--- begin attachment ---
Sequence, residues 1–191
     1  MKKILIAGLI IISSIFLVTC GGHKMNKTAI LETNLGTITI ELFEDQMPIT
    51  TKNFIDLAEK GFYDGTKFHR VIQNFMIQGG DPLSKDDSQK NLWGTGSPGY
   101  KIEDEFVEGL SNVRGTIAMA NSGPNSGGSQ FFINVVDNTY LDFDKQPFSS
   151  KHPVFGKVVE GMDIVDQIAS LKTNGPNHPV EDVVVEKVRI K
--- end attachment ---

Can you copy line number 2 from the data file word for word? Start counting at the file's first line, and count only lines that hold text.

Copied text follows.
     1  MKKILIAGLI IISSIFLVTC GGHKMNKTAI LETNLGTITI ELFEDQMPIT